Don't Sweat!

The other day, I went over to Sadako's place; the ostensible reason was to spend a few hours working on the translation of one of the chapters in the 'My Solitudes' book, but she usually suggests that I come a bit early and she prepares a nice lunch for the two of us. As you may guess, this is much appreciated on my part; even though the supermarkets and convenience stores are preparing much better food these days than they used to, nothing compares with home cooking!

Because she goes to such effort, I of course try and make sure I arrive on time. I usually take the bus to a nearby station, then take the train to her town. Japanese transportation works to very strict schedules, so it is never a problem; I have learned the proper time to leave the house in order to catch the correct bus. The other day though, just as I was in the genkan getting my shoes on, the doorbell rang. It was the local parcel delivery man, and as the package he was delivering was a COD, and thus needed more than a simple signature, I ended up being behind schedule. A few minutes later, as I walked along the street toward the bus stop, I realized that I was going to miss it, and thus be late for lunch. My reaction? "Well, it can't be helped; I'll have to explain to Sadako what happened, and I'm sure she'll understand," and I continued cheerfully along the way.

Now had this been happening many years ago, say when I was a young teenager, I know my reaction would have been different. "Damn it! That driver has really screwed me around! Now the whole afternoon is going to get messed up! Damn it!" (Or perhaps - because I was a silly teenager - I might have said something worse than 'damn' ...)

But somewhere along the line, I had a bit of a change of character. I don't remember at all what set it off, but I started playing a kind of game with myself whenever such incidents came along. Instead of losing my temper about the problem, I would just shrug it off, and would think to myself "OK, I'll be a 'good boy' here. I won't get angry. Instead, I'll be 'nice', and if I do that, I'll probably get some kind of 'reward'."

Now this certainly sounds kind of silly. Nobody's 'watching', and unlike what some children may believe - be a good boy and Santa Claus will come! - life just doesn't work that way. But do you know, once you start playing such a game with yourself, you soon find plenty of occasions where it works! And so it was the other day.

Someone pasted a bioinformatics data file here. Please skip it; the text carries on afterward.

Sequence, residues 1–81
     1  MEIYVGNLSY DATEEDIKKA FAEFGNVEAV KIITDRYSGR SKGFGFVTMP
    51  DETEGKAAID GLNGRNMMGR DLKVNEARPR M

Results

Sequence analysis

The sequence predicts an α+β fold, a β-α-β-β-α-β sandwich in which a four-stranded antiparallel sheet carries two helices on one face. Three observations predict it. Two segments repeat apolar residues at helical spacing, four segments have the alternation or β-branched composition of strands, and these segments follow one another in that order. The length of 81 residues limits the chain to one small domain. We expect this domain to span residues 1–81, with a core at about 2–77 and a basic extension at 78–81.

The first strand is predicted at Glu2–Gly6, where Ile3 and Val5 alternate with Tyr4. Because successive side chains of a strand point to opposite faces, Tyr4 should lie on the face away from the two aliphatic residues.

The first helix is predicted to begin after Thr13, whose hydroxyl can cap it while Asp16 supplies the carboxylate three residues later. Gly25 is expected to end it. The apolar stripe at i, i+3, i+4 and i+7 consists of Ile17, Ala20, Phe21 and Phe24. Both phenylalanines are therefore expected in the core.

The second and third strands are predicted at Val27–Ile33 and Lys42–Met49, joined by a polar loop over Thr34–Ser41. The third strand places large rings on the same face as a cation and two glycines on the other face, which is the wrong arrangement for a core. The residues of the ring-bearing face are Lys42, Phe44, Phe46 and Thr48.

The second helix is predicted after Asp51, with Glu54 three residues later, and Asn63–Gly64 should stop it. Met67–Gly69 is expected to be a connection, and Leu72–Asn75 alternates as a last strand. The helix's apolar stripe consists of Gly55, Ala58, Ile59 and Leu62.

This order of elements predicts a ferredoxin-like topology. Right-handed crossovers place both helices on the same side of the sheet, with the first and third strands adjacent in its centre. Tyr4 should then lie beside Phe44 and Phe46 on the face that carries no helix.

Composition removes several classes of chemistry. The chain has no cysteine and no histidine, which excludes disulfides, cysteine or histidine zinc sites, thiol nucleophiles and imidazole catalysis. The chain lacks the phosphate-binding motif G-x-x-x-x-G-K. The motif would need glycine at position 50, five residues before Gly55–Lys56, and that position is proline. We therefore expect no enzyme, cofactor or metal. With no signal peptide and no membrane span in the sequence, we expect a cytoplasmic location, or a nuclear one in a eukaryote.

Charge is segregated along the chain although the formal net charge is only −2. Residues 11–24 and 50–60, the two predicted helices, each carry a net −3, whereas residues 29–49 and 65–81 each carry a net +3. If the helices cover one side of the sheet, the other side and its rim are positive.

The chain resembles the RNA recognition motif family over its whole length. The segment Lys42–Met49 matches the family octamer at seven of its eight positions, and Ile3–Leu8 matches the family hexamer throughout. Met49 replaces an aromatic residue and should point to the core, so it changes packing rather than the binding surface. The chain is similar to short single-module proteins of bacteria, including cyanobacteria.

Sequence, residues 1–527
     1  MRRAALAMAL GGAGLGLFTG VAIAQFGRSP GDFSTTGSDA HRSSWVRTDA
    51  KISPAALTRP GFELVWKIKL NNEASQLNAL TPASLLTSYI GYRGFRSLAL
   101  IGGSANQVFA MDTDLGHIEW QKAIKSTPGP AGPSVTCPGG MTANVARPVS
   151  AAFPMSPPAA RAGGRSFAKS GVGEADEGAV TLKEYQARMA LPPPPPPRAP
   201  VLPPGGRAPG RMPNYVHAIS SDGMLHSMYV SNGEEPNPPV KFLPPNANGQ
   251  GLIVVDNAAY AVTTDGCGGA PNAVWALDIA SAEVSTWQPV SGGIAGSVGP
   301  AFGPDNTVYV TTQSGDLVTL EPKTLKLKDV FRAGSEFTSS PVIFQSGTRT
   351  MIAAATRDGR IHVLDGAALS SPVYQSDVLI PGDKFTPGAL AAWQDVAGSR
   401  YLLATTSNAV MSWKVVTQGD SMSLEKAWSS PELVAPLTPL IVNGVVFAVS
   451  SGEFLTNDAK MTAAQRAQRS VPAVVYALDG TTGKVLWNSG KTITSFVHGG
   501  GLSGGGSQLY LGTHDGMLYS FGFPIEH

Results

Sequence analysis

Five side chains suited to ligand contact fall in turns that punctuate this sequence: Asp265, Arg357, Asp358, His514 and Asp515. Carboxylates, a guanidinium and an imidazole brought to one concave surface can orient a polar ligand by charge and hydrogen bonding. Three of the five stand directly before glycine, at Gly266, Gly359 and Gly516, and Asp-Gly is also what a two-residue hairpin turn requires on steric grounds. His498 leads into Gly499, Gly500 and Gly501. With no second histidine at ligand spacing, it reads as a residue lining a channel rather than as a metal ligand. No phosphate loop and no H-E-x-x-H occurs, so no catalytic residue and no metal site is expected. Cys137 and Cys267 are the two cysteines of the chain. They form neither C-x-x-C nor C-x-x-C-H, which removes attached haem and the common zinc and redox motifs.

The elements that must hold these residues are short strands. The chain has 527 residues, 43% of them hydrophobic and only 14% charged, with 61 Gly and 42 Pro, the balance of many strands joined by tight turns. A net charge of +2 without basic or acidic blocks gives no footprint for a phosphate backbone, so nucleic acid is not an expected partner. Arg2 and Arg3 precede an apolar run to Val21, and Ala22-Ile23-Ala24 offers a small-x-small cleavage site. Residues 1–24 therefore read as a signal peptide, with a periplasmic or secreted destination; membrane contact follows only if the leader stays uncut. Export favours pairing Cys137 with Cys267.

I was about half-way to the bus stop when a car pulled up beside me - my neighbour Yamaguchi-san and his wife. They were heading out shopping, and their destination was a department store located right in front of the local train station. It was obvious to him that I was headed for the bus stop, so he rolled down his window and told me to jump in. I did, and we arrived at the station well in advance of the bus that I had missed. I even had time to go down to the food floor and pick up a little something to take with me ...

Coincidence? Well, objectively speaking, I suppose it was. But do you know, this seems to happen again and again. As long as I remember not to get upset about things that happen, they seem to get 'fixed' in short order.

No granola on the shelf because I forgot to order it soon enough? Just shrug my shoulders, look around for something else ... What's this? Another package hidden away at the back of the cupboard!

I make a careless mistake cutting a piece of mat board for one of my prints; it doesn't fit. Ah well, it can't be helped ... no point in getting upset. Just a minute, if I turn it this way instead of that, I can still make it work!

I tell you, this happens every day.

I think this kind of attitude has been well studied and described. I might regret not learning about it much earlier in life, but at least I've got it down pat now.

"Don't sweat the small stuff!"


 


Comments on this story ...


Add Your Comment ...



Remember Me? (with a cookie ...)

(you may use HTML tags for style)